Example ImageCigarette Smoke and Lung Development This activity will require you to collect and analyze data on-line.

Risk Assessment:
In addition to using the Rish Assistant software on the computers in the Biology Computer Facility, you will need to consult the following site to answer the questions related to the scientific background behind the reference doses.
Example ImageEPA's Integrated Risk Information System (IRIS) -  IRIS is a database of human health effects that may result from exposure to various substances found in the environment.  The IRIS home page is brought to you by the U.S. Environmental Protection Agency (EPA) and its Office of Research and Development, National Center for Environmental Assessment.

Other useful links

Example ImageAgency for Toxic Substances and Disease Registry - this is the home page for the federal Center for Disease Control's division responsible for toxic substances.  It contains new stories, health advisories, public health assessments and access to databases of hazardous substances.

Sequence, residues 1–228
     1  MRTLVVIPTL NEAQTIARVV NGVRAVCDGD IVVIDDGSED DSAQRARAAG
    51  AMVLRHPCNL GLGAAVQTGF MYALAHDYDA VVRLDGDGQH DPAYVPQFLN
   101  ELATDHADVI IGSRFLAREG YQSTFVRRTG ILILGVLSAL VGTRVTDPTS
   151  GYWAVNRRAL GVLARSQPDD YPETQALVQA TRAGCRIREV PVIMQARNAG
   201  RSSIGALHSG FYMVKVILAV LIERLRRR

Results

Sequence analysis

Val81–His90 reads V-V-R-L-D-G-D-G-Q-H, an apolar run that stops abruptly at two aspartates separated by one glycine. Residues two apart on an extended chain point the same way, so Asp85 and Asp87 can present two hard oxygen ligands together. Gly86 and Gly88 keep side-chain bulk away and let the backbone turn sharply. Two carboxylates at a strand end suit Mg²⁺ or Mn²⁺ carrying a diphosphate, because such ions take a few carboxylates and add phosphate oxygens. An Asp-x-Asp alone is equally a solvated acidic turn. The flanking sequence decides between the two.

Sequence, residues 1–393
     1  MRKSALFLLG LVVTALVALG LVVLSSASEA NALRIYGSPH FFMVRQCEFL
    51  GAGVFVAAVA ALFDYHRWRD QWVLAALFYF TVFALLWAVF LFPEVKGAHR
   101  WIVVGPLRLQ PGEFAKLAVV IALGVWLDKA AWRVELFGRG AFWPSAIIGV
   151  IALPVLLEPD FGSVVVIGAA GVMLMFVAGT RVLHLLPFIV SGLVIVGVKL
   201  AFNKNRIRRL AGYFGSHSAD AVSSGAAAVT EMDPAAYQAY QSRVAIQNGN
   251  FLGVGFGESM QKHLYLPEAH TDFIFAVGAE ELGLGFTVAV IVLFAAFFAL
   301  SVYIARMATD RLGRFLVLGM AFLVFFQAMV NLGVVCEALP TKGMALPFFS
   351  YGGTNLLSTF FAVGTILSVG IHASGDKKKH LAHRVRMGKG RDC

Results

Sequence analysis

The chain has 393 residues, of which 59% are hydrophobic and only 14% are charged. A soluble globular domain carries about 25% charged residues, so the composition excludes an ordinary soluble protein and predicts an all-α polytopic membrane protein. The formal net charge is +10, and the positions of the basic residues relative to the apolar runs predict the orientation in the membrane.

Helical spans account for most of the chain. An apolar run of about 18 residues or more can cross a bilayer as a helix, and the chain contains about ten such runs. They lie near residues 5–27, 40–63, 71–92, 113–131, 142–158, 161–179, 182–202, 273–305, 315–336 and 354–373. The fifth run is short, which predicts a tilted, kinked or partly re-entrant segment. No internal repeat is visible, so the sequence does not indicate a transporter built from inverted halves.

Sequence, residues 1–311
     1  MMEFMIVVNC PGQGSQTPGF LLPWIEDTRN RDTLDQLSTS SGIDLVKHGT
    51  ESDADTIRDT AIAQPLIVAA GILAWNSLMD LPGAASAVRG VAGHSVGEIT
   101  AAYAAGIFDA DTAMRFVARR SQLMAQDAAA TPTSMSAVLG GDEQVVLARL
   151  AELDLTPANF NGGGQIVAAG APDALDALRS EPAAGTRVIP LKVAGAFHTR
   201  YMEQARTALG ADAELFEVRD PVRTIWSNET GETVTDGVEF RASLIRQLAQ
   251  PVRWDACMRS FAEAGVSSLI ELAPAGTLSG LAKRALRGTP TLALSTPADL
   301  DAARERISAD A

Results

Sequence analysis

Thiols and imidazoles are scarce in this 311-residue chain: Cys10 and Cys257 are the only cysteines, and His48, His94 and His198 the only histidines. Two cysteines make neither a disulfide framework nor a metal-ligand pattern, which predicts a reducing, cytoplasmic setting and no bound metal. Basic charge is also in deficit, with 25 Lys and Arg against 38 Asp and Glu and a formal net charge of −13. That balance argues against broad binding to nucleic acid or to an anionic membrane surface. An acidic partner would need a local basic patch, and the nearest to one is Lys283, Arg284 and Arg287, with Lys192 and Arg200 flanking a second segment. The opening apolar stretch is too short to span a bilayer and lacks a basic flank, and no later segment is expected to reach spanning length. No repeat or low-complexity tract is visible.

Example ImageATSDR Public Risk Assessments - this will take you directly to the list of assessments from which the Risk Assessment Group Projects should be selected.

Example ImageEnvironmental Contaminants Encyclopedia - Compiled by the National Park Service, this web page provides access to detailed reports on fate, behavior, effects and levels of concern for 120 environmental contaminants.

Example ImageRisk Assessment as a Career - personal essay by an EPA Risk Assessor

Example ImageSociety of Toxicology This site provides excellent information about toxicology.

Example ImageUniversity of Arizona: The Biology Project: Chemicals & Human Health In addition to alot of useful information, this site provides tutorial exercises related to environmental health.

Some excellent sources for environmental updates:
Example ImageEnvironmental News Network
Example ImageEnvirolink News Service
Example ImagePlanetArk Environmental News

Visit the Biology Department home page. Visit the IC home page.

This page maintained by Susan Allen-Gil and Nancy Pierce
Last updated on 1/22/10